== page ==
Separate names with a comma.
Discussion in 'Now Playing - TV Show Talk' started by Neenahboy, May 24, 2010.
Jesse wondering if an opossum is an Irish possum cracked me up.
I liked the episode. It was nice to slow down from the fast pace of seeing the characters a few minutes at a time over many settings, and just spend some continuous time with them in one setting. There was perhaps more that was not said than said in this episode. I found myself really pulled into how the characters must be thinking and feeling at this point in the full story.
And yep, I liked the LOST finale too.
This was my least favorite of any BB episode. I guess I was just annoyed that the fly was that bothersome to Walt.
If you didn't understand why Walt was bugged, then you don't really understand the Walt character at all. He's been OCD about little stuff like that all throughout the show. As noted by Alan Sepinwall in his review of this episode:
Did not like.
Alan also noted that this was what they call in the industry a "bottle show". All in one place on a set they've already built and paid for, so no remote locations and all that hassle and cost. No extras they have to pay. So yeah, this was done on the cheap to save some money.
It wasn't BB at it's best, but again very powerful performances by two great actors. I felt a lot of tension in Walt's "confession" scene. Would he tell Jesse his role in Jane's death while Jesse was precariously perched on top of the wobbling ladder? Mostly character development, but the plot did inch along. Walt knows Jesse is stealing and that final warning is ominous.
To say this is a "Jump the Shark" episode is ridiculous. That's an abuse of the JTS concept. That's for long running, popular shows that have clearly overstayed their welcome by rehashing old storylines or introducing pointless new characters in an attempt to recapture past glory. How does this episode qualify as that? Not the most intense episode, I agree, but still quietly powerful. This show clearly has a devastating arc to complete before its run is over and is far from past its prime just because there weren't any body bags in one particular episode. There's no doubt the action will pick up in the final three episodes and our minds will be blown.
I'm really surprised that people didn't like this episode. Sure, nothing happened, but it was still one of the most compelling hours of TV I've seen. Genius.
Often, when I am watching BB, there is a remarkably creative camera angle or interesting perspective. During "The Fly," it seemed more like a film-school project. I found some of the camera work very distracting.
Not my favorite ep, but better than most shows even during its worst episode.
I did notice lots of very interesting camera angles and shots in this episode, starting with the extreme close up on the blinking light in the smoke detector and also the fly's perspective shots.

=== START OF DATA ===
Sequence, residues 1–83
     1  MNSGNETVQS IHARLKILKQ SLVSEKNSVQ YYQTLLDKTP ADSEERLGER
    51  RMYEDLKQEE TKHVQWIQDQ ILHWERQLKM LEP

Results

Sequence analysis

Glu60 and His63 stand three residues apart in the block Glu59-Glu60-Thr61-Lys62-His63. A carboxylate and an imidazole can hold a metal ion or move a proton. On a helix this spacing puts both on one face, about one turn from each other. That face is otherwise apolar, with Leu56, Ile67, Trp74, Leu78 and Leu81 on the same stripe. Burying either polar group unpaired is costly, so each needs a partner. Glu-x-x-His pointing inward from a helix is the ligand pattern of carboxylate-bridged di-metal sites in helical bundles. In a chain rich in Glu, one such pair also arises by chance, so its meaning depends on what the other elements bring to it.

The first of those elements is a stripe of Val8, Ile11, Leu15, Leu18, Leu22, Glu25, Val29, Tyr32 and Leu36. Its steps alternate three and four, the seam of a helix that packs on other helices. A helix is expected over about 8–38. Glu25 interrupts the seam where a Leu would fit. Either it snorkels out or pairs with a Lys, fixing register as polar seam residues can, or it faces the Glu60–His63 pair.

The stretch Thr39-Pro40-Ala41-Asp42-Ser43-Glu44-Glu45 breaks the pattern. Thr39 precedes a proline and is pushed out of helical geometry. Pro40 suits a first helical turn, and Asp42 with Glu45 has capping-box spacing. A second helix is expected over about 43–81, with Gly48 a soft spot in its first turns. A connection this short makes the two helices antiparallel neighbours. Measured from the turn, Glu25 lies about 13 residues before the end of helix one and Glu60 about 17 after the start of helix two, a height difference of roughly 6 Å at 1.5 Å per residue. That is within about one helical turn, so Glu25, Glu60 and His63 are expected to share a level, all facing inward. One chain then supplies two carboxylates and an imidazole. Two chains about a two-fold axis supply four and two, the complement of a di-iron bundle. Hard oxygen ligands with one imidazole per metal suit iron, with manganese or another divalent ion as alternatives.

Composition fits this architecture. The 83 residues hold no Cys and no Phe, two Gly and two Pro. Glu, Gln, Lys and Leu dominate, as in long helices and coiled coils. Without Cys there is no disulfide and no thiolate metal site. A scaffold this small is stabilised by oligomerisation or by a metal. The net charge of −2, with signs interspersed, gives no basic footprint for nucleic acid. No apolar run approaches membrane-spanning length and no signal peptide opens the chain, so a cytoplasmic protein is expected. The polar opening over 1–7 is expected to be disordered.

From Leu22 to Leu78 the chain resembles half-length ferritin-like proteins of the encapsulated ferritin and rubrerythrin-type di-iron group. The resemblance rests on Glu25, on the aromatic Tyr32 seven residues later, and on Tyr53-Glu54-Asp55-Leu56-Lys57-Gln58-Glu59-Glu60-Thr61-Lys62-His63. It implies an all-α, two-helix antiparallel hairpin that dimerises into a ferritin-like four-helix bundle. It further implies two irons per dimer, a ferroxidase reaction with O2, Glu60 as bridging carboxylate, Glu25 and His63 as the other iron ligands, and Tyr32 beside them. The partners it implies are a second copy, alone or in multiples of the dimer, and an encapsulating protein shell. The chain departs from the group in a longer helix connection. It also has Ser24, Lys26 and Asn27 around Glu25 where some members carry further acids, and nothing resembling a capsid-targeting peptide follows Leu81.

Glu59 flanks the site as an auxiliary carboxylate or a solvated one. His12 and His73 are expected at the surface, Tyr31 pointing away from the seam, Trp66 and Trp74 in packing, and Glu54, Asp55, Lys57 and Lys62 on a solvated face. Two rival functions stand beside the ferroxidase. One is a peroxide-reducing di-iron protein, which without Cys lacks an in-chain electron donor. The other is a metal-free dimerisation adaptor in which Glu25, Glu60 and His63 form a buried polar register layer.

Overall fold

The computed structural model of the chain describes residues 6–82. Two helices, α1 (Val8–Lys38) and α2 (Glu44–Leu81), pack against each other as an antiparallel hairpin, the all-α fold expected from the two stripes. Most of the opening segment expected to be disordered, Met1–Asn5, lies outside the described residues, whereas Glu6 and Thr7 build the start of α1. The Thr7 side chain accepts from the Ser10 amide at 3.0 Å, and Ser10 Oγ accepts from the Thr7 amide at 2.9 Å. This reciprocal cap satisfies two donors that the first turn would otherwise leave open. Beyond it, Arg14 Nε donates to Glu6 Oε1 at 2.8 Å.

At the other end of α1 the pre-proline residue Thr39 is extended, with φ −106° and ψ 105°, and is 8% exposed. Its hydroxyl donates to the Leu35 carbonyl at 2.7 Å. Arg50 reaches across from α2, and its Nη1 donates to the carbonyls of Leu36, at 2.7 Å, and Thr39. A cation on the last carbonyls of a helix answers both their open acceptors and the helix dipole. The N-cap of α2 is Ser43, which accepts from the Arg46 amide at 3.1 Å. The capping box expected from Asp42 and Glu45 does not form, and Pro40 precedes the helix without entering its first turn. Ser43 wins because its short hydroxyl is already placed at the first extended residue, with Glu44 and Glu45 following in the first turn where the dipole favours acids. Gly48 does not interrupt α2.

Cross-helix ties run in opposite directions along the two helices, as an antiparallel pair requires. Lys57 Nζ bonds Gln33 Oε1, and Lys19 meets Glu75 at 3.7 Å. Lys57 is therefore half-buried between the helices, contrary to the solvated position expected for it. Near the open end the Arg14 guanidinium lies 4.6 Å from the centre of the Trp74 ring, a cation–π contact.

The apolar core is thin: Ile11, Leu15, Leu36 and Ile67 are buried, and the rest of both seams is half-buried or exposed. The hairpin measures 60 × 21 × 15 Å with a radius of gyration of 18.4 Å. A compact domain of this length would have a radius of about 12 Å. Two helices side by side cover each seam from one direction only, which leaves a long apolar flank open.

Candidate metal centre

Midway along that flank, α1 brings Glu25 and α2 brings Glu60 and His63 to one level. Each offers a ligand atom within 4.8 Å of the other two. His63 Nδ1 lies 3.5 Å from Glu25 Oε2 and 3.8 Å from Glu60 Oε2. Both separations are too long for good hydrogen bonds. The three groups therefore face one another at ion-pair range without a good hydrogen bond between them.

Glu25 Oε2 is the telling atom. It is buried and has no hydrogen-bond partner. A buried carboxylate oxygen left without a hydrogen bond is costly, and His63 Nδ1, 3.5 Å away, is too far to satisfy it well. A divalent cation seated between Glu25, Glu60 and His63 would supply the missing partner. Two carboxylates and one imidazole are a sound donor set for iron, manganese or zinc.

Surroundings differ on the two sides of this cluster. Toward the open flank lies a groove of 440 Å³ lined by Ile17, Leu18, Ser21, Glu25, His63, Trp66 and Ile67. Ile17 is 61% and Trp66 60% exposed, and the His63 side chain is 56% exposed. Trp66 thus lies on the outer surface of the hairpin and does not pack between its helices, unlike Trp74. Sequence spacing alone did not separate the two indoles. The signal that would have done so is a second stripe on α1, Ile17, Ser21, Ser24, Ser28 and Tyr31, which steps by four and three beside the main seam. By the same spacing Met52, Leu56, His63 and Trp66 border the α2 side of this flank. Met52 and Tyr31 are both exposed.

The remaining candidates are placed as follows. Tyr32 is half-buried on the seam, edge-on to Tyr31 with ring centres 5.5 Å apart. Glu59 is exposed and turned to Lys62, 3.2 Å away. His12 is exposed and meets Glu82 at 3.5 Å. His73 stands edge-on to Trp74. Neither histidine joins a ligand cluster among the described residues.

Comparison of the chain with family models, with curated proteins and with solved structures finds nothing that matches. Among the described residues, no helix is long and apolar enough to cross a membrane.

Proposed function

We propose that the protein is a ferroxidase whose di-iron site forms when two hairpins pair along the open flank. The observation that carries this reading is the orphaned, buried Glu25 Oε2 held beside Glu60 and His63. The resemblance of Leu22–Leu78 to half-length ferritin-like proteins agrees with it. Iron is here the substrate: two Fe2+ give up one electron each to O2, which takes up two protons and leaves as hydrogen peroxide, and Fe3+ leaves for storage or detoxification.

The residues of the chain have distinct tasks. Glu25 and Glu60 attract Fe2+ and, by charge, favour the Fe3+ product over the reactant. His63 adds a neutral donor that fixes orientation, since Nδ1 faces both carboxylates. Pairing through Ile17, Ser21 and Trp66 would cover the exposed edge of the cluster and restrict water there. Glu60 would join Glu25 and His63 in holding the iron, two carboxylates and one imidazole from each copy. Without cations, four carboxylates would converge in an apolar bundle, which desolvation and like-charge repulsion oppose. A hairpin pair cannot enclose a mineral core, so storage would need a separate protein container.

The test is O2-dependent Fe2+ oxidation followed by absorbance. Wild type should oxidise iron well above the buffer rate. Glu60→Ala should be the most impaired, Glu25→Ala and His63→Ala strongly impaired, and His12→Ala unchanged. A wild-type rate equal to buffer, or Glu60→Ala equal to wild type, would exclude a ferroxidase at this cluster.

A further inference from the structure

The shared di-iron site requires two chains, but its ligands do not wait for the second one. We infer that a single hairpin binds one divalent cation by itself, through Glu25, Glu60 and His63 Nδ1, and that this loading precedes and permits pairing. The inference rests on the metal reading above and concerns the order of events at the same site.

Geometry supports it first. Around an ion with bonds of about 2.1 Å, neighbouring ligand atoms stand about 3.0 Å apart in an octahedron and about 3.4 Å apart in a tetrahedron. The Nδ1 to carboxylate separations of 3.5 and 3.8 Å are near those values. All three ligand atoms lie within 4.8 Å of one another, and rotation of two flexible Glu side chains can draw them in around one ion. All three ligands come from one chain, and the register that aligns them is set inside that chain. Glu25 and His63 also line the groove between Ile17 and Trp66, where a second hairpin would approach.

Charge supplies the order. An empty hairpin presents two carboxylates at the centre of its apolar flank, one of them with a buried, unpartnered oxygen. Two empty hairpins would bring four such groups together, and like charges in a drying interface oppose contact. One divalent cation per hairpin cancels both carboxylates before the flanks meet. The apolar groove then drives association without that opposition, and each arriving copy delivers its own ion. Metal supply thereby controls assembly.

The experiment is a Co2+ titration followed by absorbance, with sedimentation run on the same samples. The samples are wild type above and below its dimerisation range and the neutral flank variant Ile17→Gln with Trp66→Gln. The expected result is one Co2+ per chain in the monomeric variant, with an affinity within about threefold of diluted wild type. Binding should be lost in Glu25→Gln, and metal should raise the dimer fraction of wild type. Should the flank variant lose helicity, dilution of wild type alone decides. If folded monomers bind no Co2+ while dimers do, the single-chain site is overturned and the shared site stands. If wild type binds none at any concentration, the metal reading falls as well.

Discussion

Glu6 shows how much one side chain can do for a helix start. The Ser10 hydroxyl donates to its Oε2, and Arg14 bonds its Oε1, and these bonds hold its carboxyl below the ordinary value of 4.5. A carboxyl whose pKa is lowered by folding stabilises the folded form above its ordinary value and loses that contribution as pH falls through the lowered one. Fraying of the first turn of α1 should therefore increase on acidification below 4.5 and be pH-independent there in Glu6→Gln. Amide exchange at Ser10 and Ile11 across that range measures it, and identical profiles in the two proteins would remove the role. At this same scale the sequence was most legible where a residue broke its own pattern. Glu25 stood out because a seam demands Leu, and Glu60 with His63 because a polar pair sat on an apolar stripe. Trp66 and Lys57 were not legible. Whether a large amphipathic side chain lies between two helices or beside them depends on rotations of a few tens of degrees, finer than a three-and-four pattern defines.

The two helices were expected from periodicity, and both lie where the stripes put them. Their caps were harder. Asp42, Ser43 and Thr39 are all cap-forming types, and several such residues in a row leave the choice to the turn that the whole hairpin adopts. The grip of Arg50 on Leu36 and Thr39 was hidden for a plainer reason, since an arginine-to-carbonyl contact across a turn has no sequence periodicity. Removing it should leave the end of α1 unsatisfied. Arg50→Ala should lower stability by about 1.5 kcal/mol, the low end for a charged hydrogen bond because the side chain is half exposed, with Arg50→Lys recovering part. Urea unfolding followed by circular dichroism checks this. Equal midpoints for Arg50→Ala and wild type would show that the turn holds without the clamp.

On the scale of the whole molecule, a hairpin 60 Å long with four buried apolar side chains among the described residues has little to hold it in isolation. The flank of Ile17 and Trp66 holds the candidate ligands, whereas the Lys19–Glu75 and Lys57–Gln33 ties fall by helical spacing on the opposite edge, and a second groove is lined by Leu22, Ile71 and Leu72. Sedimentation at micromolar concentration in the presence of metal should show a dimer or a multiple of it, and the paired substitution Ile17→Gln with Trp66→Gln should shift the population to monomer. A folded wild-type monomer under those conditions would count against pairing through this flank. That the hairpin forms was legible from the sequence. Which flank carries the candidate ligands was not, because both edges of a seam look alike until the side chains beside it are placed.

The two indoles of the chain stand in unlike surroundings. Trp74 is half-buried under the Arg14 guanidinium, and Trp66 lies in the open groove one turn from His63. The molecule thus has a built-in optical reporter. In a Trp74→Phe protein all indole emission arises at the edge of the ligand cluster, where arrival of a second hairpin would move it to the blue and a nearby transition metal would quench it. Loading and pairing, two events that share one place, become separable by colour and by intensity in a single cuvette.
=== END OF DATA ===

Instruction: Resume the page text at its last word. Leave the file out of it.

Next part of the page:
Put me in the "did not like" category. Part of that stems from the momentum gained with recent prior episodes that were great and fulfilling. After 15 minutes I was saying out loud "OK, we get it. Move on." Never did. Perhaps I should say they killed a fly with a sledge hammer trying to make their point.
Vince Gilligan blurted this out unprompted on the Breaking Bad Insider podcast. He said they were over budget for the season and were saving money.
Brian Cranston gave the name of the stuntman who performed the fall onto the edge of the tank. They said it was a shocking moment when it really happened. The stuntman merely said "keep rolling" and got up. Brian Cranston went over and assumed the same position the stuntman landed in and they continued on.
This captures it for me.
Some of the camera work just seemed... gratuitous. There were some good moments, but it wasn't my favorite episode by a long stretch. I liked Walt's monologue figuring out the perfect time for him to have died, and how he overshot. I liked the dramatic "what will Walt say to Jesse about Jane" tension. I liked him applying science and logic to his failed relationship with Skylar, where he feels like if he could just come up with the perfect word formula he could "solve" everything.
The show was so obviously trying to use the fly as a metaphor, though, that through it all I felt like we the audience were being beaten about the head with flyswatters wielded by writers shouting "look how clever we are!"
I just saw this episode and am surprised by the negative reviews here. I found this episode so taut and engrossing. I love how the show slows down every now and then and gives us character-filling stories rather than episodes that move along the plot. This show is very much structured like a play, it feels like to me.
The hour flew by for me.
As I've previously posted in other BB threads, I'm running through these in preparation for the new season. (This actually is my second viewing of all the BB eps)
The first half or two-thirds of the ep was slow, but still well done. But the last third was incredible...as some have mentioned, the tension-building you could cut with a knife. Both Cranston and Paul are fantastic, versatile actors, and it really showed in this episode.
ugh, I didn't like this episode at all
can't wait for the new season though!
I thought this was one of the best episodes of the series. These are two of the best actors on Television.....ever.